What do the Vatican, the United Nations, the German Parliament, the BBC and my company Nethervoice have in common?
We all use top of the line microphones from a family owned business in the small German town of Gefell.
If you’ve never heard of Gefell and you enjoy European history, let’s travel back in time for a moment.
In 1943, Georg Neumann‘s main microphone laboratory in Berlin was hit by bombs and caught fire. To avoid more damage, Neumann and his technical director Erich Kühnast moved the entire company to Gefell where they continued their work in an old textile mill.
After Germany’s surrender, Gefell was occupied by the Americans and then handed over to the Soviet Union. In 1946 a number of Gefell employees returned to Berlin to establish a small workshop. This workshop eventually became Georg Neumann GmbH, the second Neumann company.
Kühnast and most of the original staff stayed in Gefell and continued to develop and build microphones. Neumann made Kühnast manager of the limited partnership Georg Neumann & Co. which was later nationalized by the German Democratic Republic (GDR). Despite the building of the Berlin Wall in 1961, the management of the two companies stayed in touch with one another.
In 1972, the GDR prohibited use of the Neumann trademark, and the East-German company was renamed VEB Mikrofontechnik Gefell.
After the Wall came down in 1989, Georg Neumann’s heirs reclaimed their share in the company and a new period of cooperation began. Here’s what’s remarkable. When the Neumann engineers took a closer look at the Gefell products that had been developed behind the Iron Curtain, they discovered microphone technology that was more sophisticated than some of that in the West.
After Sennheiser took over Neumann in 1991, Microtech Gefell -as it is now called- became an independent, privately owned company, known for hand-made, high-end microphones. (this overview is in part based on an article in Sound on Sound and on information on the Gefell website).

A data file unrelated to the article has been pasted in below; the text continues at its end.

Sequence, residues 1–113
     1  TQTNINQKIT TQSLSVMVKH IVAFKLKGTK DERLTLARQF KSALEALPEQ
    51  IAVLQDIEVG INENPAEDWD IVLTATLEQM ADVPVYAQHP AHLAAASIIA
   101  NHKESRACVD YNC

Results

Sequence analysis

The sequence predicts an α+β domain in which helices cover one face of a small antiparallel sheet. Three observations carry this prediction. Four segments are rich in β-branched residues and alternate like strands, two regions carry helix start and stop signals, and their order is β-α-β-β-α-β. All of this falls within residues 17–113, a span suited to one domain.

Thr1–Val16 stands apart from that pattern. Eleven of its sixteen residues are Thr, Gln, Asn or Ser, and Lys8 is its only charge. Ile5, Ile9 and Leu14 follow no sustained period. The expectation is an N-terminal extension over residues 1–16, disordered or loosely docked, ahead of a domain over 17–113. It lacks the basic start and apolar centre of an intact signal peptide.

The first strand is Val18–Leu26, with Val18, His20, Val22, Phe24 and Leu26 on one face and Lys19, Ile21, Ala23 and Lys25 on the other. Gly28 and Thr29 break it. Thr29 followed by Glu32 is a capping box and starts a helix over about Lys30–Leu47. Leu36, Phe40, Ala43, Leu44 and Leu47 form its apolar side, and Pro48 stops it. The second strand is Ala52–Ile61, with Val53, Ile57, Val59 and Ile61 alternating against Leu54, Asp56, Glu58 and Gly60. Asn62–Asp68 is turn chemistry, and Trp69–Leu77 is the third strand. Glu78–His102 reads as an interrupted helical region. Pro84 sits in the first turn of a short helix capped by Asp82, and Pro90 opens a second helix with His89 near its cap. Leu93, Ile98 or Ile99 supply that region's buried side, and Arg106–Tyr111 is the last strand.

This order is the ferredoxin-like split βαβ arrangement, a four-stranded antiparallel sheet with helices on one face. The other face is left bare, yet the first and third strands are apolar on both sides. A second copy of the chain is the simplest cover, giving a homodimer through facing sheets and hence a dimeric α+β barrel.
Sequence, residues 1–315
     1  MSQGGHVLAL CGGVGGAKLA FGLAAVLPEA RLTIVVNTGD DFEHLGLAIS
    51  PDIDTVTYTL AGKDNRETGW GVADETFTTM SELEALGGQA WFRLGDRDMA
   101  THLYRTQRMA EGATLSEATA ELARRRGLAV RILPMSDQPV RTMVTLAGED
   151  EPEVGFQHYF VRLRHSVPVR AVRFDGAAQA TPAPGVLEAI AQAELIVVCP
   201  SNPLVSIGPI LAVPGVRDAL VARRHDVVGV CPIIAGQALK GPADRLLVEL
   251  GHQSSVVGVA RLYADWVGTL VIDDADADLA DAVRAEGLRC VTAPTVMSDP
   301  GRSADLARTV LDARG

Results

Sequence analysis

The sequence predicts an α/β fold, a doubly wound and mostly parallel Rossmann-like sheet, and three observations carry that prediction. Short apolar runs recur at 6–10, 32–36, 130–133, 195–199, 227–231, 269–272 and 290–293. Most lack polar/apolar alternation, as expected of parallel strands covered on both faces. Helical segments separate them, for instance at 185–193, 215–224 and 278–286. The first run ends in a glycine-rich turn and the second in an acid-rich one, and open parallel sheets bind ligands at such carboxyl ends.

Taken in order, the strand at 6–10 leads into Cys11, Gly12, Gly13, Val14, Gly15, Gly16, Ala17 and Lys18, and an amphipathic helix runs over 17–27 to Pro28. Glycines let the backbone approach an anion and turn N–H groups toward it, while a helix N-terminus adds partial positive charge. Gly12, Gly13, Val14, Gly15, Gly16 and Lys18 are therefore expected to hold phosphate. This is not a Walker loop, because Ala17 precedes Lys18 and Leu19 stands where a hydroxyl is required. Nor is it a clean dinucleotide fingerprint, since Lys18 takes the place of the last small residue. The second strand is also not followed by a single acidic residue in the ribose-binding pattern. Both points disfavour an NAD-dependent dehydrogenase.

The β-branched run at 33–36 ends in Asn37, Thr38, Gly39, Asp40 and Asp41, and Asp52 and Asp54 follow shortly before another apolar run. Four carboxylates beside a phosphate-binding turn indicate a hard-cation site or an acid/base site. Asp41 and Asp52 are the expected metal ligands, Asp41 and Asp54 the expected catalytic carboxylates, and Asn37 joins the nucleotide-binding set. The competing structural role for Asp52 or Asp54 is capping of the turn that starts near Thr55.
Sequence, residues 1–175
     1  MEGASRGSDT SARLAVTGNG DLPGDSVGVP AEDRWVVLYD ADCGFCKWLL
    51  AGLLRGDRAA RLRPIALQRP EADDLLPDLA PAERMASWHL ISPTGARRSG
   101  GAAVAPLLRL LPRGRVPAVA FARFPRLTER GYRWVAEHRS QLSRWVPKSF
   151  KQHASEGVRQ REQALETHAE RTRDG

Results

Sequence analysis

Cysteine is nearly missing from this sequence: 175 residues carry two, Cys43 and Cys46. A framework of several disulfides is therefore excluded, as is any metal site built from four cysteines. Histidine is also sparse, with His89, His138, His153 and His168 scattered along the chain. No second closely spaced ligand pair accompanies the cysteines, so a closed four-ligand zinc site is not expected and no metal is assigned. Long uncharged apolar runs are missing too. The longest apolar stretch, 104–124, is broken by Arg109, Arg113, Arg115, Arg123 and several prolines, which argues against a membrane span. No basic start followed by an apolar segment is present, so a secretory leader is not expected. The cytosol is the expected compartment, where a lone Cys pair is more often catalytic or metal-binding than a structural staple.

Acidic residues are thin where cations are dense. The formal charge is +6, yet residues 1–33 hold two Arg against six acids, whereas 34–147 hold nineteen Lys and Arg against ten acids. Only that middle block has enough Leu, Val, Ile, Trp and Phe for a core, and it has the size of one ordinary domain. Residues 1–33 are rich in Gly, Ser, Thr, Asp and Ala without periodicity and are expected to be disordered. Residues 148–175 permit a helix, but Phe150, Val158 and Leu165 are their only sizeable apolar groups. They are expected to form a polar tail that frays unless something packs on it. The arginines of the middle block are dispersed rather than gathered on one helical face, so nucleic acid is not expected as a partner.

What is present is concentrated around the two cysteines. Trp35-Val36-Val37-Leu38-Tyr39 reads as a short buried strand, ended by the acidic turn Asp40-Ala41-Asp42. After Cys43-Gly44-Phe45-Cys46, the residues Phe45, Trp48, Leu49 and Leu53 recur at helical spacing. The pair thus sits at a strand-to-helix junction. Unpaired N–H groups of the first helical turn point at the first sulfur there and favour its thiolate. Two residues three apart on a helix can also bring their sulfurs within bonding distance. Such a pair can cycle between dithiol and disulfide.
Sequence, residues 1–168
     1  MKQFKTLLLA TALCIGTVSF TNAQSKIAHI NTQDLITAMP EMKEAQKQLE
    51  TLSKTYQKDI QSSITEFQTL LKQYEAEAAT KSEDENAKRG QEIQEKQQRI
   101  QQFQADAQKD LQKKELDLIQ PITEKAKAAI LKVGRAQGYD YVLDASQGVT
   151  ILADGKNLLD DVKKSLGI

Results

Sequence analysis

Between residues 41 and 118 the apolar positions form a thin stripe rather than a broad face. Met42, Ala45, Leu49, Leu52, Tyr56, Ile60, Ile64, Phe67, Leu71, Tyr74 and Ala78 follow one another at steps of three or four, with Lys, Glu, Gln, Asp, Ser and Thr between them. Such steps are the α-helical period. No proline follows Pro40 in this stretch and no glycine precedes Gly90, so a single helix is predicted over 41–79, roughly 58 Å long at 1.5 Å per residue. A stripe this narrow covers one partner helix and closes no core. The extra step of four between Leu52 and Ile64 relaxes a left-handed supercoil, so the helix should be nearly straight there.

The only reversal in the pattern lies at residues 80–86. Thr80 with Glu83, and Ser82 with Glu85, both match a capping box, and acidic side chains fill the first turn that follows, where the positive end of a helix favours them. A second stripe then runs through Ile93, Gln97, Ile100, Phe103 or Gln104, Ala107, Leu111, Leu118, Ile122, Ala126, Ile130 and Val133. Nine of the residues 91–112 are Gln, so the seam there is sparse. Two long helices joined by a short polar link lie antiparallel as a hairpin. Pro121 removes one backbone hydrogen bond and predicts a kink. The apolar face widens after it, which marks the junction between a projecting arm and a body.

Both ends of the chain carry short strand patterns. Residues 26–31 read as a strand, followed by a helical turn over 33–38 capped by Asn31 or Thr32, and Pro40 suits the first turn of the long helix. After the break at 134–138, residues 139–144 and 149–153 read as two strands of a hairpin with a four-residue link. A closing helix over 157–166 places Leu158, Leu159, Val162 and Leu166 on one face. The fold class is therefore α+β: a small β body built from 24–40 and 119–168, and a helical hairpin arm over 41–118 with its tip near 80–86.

MY NEW BABY
Fast forward to Tuesday, January 17th, 2012, the day I became the first person in America to own a Gefell M 930 Ts studio condenser microphone.
Out of thousands of microphones on the market, why did I pick this particular make and model?
I have to be honest with you: I didn’t pick this mic. It picked me. Or rather: I got lucky. Very, very lucky!
In my radio days I never paid any attention to the equipment I was using, but since I became master and commander of my own studio, things have changed. As a professional, I think it’s important to get to know the tools of the trade.
Before I’m ready to make any type of investment in my business, I spend months doing research, reading reviews and talking to colleagues in the know. They make sure I don’t fall for the latest fad, and that when I finally decide on a new purchase, I invest in quality that will last for many years to come.
Any professional chef, musician or mechanic can tell you that well-made, reliable tools make the job a lot easier because they work with you instead of against you. Good tools can’t make an artist more creative, but they can inspire. Without them, he’s less able to realize his dreams. A great set of tools can take you to that proverbial next level.
It’s a cliché, but quality never goes out of style. It is remembered long after the price is forgotten.